Facebook block hits region hard

Saturday 20 February 2021 | Written by Emmanuel Samoglou | Published in Australia, Economy, National, Regional

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Facebook block hits region hard
Observers in the region say Facebook’s news block has the potential to spread misinformation among Pacific communities. PHOTO: KATRINA LINTONBON. 20122109. PHOTO: KATRINA LINTONBON. 20122109

As an Australia-wide ban on news content by Facebook continues, it is emerging just how prominent the social media platform has become for Cook Islands residents and people throughout the Pacific region.

When Facebook users in Australia were blocked this week from viewing or sharing news content, a shock was felt throughout the Pacific.

The tech giant had hit out at the Australian Government after it drafted a law forcing technology companies to pay news organisations for their content.

The move prompted a strong response from politicians, Pacific community groups, and users of the social media platform.

Australia's Minister for the Pacific Zed Seselja accused Facebook of “impeding public access to high-quality journalism in Australia and across the Pacific."

For Mana Etches, a Cook Islander living in Auckland with relatives in Australia, the impact is particularly harsh for fellow members of the diaspora who rely on local media organisations like Cook Islands News to stay informed.

“This is a classic case now where the thousands of Cook Islanders can't view the Cook Islands News Facebook page,” he said. “So Oz based Cook Islanders are a bit in the dark about affairs back home. The same thing will happen across many other news oriented FB groups.”

Cate Walker is an Australian who frequently visits and carries out voluntary research and cemetery preservation work in the Cook Islands.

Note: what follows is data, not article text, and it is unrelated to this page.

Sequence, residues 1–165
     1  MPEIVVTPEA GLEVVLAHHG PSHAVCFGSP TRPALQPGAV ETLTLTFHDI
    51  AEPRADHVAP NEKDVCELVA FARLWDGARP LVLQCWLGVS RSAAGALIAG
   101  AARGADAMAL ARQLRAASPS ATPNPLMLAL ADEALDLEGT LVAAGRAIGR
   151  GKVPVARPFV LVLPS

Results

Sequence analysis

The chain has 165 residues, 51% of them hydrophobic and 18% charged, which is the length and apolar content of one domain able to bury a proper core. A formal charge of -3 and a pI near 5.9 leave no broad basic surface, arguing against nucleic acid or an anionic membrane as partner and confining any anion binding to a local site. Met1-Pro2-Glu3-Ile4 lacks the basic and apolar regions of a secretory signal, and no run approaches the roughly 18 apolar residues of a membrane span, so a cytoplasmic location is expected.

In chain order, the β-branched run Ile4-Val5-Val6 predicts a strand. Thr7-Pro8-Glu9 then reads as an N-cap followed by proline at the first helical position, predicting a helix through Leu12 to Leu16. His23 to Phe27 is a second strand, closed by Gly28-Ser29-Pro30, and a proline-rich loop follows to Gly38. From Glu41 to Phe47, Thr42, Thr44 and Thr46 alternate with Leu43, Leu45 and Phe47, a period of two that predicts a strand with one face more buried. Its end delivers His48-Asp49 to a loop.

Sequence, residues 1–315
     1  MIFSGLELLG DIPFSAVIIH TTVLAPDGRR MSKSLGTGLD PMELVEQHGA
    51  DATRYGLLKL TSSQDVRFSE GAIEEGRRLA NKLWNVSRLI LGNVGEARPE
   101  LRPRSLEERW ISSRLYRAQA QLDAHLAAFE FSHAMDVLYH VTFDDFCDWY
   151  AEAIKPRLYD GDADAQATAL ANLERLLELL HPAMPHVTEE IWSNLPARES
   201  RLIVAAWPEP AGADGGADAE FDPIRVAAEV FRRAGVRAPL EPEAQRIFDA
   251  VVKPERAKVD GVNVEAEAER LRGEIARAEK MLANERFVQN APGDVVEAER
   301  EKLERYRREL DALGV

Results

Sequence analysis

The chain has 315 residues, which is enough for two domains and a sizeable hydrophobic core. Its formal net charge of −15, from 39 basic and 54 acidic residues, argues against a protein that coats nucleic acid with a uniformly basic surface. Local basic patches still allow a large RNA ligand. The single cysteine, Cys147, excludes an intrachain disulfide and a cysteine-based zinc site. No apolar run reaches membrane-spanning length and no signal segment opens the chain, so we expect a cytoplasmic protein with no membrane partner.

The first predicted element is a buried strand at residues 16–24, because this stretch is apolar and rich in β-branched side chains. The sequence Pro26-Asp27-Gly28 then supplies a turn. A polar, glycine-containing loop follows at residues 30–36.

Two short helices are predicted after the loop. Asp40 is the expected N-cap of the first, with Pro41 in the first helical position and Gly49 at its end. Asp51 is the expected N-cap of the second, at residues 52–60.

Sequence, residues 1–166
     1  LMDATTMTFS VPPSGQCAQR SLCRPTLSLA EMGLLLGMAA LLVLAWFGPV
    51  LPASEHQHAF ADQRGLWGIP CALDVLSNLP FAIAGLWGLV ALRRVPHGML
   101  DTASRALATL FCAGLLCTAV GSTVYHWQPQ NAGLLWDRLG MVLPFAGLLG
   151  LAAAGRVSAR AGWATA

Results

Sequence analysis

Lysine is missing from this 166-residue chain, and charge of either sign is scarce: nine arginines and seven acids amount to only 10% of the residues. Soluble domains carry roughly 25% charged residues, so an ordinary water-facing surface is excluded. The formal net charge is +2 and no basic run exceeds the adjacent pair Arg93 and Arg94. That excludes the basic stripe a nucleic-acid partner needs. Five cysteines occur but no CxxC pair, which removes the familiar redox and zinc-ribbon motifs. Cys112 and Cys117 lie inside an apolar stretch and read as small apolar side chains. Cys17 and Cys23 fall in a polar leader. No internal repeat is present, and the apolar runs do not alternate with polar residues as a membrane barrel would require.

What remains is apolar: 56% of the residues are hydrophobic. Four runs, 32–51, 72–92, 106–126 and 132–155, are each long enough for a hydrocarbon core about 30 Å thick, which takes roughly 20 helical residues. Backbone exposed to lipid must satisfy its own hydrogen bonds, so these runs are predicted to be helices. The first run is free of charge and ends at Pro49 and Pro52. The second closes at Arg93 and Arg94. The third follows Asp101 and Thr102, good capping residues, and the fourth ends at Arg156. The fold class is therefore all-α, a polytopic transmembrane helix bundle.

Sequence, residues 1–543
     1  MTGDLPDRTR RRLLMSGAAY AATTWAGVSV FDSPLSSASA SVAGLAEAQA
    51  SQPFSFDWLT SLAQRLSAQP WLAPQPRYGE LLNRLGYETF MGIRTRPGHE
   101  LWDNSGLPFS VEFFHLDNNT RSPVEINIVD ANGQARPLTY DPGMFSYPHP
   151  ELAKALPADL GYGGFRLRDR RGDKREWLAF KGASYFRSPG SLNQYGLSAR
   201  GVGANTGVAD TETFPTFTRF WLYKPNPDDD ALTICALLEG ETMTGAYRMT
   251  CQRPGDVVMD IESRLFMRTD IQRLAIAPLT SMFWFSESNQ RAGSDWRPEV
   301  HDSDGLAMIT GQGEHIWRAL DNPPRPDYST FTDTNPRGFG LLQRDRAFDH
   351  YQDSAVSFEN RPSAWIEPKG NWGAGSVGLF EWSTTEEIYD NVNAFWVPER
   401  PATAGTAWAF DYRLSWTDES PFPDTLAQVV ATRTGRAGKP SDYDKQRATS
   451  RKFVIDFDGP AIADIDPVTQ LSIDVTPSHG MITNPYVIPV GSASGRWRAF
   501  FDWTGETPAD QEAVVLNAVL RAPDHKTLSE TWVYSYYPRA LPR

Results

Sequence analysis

Covid-19 has kept her stranded in Brisbane and she is eager to return, but while overseas she has relied on CI News’ Facebook page to stay connected. She said this week’s development was “a bit of a shock”.

“We can still read CI News on the website, but I always enjoyed reading the comments and the opinions of the local community.”

“I check the website daily, but it’s the opinions of the local community you see on Facebook which makes news ‘interactive’ - you don’t get that on a website,” she added.

Specialising in digital technology in the region, Amanda Watson from the Australian National University (ANU) said Facebook dominates internet use for many in the Pacific.

“Many people (in the Pacific) would understand Facebook as being the internet. They wouldn't necessarily know how to search or move outside Facebook if they wanted to find information," Watson told the Australian Broadcasting Corporation (ABC).

She said many people in the region would be "shocked" when they realised they could not access Australian news on their Facebook feeds. "People are only now digesting the ramifications."

In the Cook Islands, Facebook traffic reaches up to 42 per cent of total international traffic, according to Vodafone Cook Islands chief executive Phillip Henderson.

Ranulf Scarbrough, chief executive officer Avaroa Cable, originally hails from the United Kingdom.

Upon relocating to the Cook Islands to take the lead role with the company that manages local operations of the 3600 km long Manatua internet cable, he said he noticed residents using Facebook for a wide range of applications – from sharing content to using community groups to buy and sell goods. “It’s a very important tool and a big reason for that is it’s quite easy to use,” he said.

Social media platforms such as Facebook are “… popular because they have put a lot of thought into them to make them effective. That popularity isn’t an accident.”

“The more significant their usage becomes, when something changes, it will have a big impact,” he said.

For Mana Etches, perhaps Facebook had become too effective.

“This move will blind a good portion of Australians of international affairs,” he said.

  - Additional reporting from the Australian Broadcasting Corporation

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